The image was made with data from the Moderate Resolution Imaging Spectroradiometer (MODIS) on NASA’s Terra satellite, which measures both near infrared light and visible light. Healthy plants absorb visible light and reflect infrared light. By comparing the amount of visible and infrared light reflected from a region, scientists can estimate the density of healthy plants, a measurement called a vegetation index. In this case, the vegetation index from the 2011 growing season is compared with the average vegetation index observed between 2000 and 2010. 
Areas in which plants grew more than average are green, and areas where plants grew less are brown.Drought clearly slowed plant growth in both the United States and Mexico. The drought is the worst in northern Mexico in 71 years, the Mexican government reported. The 2010-2011 La NiƱa likely contributed to the drought’s severity.ReferencesBBC News. (2012, January 17). Mexico food aid sent to crisis-hit Tarahumara Indians. More
Accessed January 20, 2012.Government of Mexico. (2012, January 17). Llegan las nuevas despensas de Sedesol a la Sierra Tarahumara. (Spanish). Published on ReliefWeb. Accessed January 20, 2012.Weir, J. and Herring, D. (n.d.). Measuring Vegetation (NDVI and EVI). NASA Earth Observatory. Accessed January 20, 2012.NASA Earth Observatory image created by Jesse Allen, using MODIS data provided by Jennifer Small and Assaf Anyamba, NASA GIMMS Group at Goddard Space Flight Center and the Global Agricultural Monitoring Project (GLAM) Project. Caption by Holli Riebeek. More

Saturday, January 7, 2012

No therapy in retail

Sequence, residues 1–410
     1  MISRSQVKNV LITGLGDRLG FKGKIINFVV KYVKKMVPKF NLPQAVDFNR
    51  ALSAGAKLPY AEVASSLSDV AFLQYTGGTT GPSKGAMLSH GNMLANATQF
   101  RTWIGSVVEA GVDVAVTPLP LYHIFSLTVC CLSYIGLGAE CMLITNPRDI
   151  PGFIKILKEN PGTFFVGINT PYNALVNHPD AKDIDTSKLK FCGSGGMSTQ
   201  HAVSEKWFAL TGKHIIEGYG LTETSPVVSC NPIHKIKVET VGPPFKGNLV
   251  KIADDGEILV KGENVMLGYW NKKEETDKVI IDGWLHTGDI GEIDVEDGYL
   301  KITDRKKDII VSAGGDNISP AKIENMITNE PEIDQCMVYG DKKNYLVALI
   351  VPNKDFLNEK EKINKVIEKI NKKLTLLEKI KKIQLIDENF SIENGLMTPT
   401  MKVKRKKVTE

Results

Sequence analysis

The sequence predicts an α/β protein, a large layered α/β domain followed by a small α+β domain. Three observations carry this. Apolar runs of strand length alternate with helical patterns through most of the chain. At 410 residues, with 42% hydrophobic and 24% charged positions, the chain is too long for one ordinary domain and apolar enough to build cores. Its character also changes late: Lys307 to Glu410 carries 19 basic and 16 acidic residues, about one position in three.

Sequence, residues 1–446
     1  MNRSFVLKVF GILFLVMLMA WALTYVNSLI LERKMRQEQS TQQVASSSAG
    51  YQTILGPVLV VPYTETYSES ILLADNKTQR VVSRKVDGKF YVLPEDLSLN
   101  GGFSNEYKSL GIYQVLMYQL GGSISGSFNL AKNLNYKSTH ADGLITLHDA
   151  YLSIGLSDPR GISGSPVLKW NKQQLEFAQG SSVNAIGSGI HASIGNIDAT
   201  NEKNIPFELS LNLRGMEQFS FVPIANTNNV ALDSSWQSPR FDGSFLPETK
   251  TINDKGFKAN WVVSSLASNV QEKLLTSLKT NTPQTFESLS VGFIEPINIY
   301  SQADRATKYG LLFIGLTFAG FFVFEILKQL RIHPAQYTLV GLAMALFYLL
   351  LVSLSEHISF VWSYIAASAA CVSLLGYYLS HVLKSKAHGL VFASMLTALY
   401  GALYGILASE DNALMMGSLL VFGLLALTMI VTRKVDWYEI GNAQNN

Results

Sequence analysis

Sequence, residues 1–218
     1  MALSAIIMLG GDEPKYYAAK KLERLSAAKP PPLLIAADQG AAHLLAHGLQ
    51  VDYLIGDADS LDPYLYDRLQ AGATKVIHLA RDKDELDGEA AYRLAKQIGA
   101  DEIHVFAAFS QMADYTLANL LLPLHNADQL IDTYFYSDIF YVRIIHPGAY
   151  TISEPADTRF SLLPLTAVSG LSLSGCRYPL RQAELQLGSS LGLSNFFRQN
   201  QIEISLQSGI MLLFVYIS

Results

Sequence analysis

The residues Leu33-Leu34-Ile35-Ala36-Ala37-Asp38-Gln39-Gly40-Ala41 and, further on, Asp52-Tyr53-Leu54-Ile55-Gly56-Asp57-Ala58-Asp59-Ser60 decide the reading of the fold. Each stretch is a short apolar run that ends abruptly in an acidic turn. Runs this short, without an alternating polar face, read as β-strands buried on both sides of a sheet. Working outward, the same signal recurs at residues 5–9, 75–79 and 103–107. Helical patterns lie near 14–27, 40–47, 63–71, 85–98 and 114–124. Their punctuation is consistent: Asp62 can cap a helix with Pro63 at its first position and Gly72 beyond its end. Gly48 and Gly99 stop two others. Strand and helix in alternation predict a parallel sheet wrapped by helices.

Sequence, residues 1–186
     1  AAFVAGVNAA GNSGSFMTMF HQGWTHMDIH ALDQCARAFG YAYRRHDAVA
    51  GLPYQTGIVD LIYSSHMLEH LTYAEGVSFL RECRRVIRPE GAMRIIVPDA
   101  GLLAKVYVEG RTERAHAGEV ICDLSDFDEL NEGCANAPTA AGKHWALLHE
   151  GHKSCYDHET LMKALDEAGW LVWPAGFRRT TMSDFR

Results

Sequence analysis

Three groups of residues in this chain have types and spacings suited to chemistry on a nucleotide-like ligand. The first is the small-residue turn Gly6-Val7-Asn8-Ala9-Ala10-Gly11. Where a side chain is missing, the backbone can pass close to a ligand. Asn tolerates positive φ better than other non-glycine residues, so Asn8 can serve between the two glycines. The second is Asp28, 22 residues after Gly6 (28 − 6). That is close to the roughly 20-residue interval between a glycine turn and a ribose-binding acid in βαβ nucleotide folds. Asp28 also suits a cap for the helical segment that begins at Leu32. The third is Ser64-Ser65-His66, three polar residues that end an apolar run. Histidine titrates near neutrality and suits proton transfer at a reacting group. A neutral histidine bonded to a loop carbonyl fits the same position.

New Delhi, India - In November 2011, when the UPA government announced that it had cleared the entry of big retail chains such as Walmart and Tesco into India through 51 per cent Foreign Direct Investment (FDI) in multi-brand retail, it justified the decision saying that FDI in retail would boost food security and benefit farmers' livelihoods.

But the assurance that FDI in retail would ease inflation did not resolve the political crisis the government was facing; it deepened it. Parliament was stalled for several days of the Winter Session, after which the government was forced to withdraw its decision.
The story of FDI in retail goes back to 2005, when Prime Minister Manmohan Singh signed an agriculture agreement with the US, along with the nuclear agreement. On the board of the US-India Knowledge Initiative in Agriculture, as it is called, sit Monsanto (the world's leading producer of GM seeds), ConAgra (among the world's biggest agribusinesses, along with Cargill) and Walmart (the world's largest retail giant).

Protests had prevented Walmart's entry into retail, but, in 2007, it did get a backdoor entry through a joint-venture with Bharti (their stores go by the names of Easyday and Best Price Modern Wholesale). No back-end infrastructure has been built so far, one of the other claims of the government about why we need retail giants.

Farmers' suicides spike in India
The way the UPA government tried to ram through the decision on FDI in retail - without consulting the opposition parties, or even its allies - was clearly undemocratic. But the decision itself was also flawed. It illustrated a disconnect between an ideology based on market fundamentalism - which is the leaning of the present government - and the Indian reality of small farms and small retail. More